Small-cap stocks take on more risk than their large-cap counterparts, but for patient long-term investors, that risk may be compensated with outsized returns. Historically, small-cap stocks have averaged a 10.5% return, outperforming their large-cap counterparts by 2.5% on an average annualized basis. This has been mainly driven by their higher growth rates, domestic focus, and smaller size and scale, making them more innovative and nimble, as well as their economically sensitive nature.
Small stocks are represented by the Ibbotson® Small Company Stock Index. Large stocks are represented by the Ibbotson® Large Company Stock Index. Long-term government bonds are represented by the 20-year U.S. Government Bond. Treasury bills are represented by the 30-day U.S. Treasury bill. Inflation percentage reflects the Consumer Price Index.
Not only is timing the markets an impossible feat but could be costly from a returns perspective. As the chart below depicts, once the Russell 2000 troughs, the forward 1-year return is 63.8% but missing just the first five trading days of the recovery decreases your return by 12%, and missing the first month cuts the return in half.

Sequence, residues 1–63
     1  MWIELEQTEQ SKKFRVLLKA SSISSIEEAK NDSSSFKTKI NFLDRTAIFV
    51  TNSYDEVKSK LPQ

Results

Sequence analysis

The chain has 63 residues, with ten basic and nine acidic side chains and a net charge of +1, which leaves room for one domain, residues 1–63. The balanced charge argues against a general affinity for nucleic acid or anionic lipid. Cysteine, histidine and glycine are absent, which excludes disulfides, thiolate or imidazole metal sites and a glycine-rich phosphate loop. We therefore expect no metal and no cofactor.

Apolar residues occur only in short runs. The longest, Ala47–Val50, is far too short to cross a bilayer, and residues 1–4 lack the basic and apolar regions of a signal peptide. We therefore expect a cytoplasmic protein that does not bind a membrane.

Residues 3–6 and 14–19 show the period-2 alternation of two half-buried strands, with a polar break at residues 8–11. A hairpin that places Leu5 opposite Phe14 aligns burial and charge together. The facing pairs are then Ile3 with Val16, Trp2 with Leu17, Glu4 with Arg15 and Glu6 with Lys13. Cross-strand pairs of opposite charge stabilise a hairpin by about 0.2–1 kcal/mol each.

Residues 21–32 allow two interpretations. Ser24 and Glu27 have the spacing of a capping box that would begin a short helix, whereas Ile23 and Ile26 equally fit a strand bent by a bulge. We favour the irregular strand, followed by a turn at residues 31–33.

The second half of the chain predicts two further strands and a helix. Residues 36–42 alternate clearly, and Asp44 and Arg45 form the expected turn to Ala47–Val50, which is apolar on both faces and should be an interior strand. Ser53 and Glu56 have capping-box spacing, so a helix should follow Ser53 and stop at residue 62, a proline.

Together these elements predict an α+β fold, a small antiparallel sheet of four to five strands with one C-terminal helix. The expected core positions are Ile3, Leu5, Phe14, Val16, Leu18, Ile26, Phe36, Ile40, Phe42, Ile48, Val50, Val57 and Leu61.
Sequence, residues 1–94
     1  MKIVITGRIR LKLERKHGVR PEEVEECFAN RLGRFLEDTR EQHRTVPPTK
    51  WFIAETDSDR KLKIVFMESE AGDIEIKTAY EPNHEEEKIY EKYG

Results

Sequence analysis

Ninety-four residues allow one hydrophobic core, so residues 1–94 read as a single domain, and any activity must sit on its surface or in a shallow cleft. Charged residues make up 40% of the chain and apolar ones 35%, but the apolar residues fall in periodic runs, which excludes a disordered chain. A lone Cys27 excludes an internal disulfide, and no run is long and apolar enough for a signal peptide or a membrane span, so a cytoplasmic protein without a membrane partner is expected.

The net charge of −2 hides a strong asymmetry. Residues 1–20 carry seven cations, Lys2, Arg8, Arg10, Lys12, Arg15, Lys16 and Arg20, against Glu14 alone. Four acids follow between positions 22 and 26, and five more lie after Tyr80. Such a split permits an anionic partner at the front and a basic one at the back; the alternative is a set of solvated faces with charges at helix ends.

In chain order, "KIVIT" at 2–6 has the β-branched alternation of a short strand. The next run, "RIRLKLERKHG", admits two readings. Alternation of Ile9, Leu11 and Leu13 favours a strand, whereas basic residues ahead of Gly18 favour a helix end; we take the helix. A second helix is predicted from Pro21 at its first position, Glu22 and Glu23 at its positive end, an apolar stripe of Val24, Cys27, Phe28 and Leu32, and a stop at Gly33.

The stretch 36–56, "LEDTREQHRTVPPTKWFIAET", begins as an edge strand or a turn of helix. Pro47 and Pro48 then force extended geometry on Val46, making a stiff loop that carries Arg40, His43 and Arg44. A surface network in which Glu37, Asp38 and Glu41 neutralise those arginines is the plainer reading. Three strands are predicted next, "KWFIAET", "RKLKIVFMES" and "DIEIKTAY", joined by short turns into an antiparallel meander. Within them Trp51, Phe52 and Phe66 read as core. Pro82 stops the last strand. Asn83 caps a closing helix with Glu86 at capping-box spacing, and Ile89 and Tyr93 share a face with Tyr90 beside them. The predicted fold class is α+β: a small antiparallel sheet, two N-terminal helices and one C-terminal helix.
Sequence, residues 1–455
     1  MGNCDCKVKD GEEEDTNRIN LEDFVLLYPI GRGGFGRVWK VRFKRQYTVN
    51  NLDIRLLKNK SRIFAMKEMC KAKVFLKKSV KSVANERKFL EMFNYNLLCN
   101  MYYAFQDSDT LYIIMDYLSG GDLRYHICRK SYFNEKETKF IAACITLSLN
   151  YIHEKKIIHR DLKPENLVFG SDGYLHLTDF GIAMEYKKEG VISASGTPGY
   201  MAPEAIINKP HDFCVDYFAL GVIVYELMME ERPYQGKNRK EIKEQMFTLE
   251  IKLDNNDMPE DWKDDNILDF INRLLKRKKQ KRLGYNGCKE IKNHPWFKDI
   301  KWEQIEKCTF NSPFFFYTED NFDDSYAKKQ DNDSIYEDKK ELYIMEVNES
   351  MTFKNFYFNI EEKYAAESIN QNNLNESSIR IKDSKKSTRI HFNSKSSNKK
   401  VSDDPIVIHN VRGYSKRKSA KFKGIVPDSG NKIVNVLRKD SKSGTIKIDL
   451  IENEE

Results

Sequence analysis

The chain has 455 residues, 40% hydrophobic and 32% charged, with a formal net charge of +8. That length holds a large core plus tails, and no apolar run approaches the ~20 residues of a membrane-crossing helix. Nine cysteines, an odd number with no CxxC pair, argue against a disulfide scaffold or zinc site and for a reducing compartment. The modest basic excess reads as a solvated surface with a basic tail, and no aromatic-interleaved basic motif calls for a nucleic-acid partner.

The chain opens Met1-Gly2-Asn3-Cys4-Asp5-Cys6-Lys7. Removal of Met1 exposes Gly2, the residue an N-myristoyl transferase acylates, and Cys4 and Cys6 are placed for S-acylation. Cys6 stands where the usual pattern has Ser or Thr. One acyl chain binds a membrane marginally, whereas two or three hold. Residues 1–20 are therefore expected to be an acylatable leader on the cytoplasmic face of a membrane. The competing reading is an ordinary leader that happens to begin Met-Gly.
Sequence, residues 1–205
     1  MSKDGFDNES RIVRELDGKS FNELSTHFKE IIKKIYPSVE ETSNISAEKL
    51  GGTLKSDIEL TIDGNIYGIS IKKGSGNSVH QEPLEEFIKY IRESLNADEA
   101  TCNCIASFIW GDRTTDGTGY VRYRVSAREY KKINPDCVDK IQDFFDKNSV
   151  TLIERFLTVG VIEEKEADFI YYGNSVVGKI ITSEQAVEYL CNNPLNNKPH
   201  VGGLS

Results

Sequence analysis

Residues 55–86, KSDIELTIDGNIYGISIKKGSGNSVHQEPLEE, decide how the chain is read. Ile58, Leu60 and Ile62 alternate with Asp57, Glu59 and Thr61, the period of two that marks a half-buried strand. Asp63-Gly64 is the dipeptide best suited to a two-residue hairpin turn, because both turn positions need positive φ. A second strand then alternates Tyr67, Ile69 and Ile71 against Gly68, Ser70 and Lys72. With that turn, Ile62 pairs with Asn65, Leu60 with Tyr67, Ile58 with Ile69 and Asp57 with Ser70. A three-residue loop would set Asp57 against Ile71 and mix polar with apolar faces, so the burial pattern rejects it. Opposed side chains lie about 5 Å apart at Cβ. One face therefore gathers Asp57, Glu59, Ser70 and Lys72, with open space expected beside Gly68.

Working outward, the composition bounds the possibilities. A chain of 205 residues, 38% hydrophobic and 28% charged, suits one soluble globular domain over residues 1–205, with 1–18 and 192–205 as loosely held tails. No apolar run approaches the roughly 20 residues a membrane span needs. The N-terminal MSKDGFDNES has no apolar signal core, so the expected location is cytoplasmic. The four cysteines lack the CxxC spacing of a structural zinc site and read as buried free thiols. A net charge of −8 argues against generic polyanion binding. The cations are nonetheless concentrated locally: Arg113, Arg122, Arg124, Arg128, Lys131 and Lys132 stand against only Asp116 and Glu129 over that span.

Small-cap historical returns show that below-average return periods have been followed by those with above-average returns. Specifically, in periods where the Russell 2000 Index 5 year trailing return has been below the historical average of 10.5%, the forward 5 year return is higher 100% of the time and averages 14.9%.
Thanks to the COVID relief programs, personal savings soared in 2020 and 2021, peaking at $6.5 trillion (about a 364% increase from historical levels). But over the past two years, those excess savings—which many have credited with helping keep the economy strong—have been spent.
Consumer spending has been slightly up year-over-year (as of July 22, 2023), according to Bank of America credit-card spending data. While spending was significantly down in categories such as online electronics, furniture and gas, consumers have been paying more on dining and entertainment.
In July, the S&P 500 Equal Weight Index and the Russell 2000 Value Index outperformed the S&P 500. But for this year so far, the tech-heavy Russell 1000 has led the way—up 33%.
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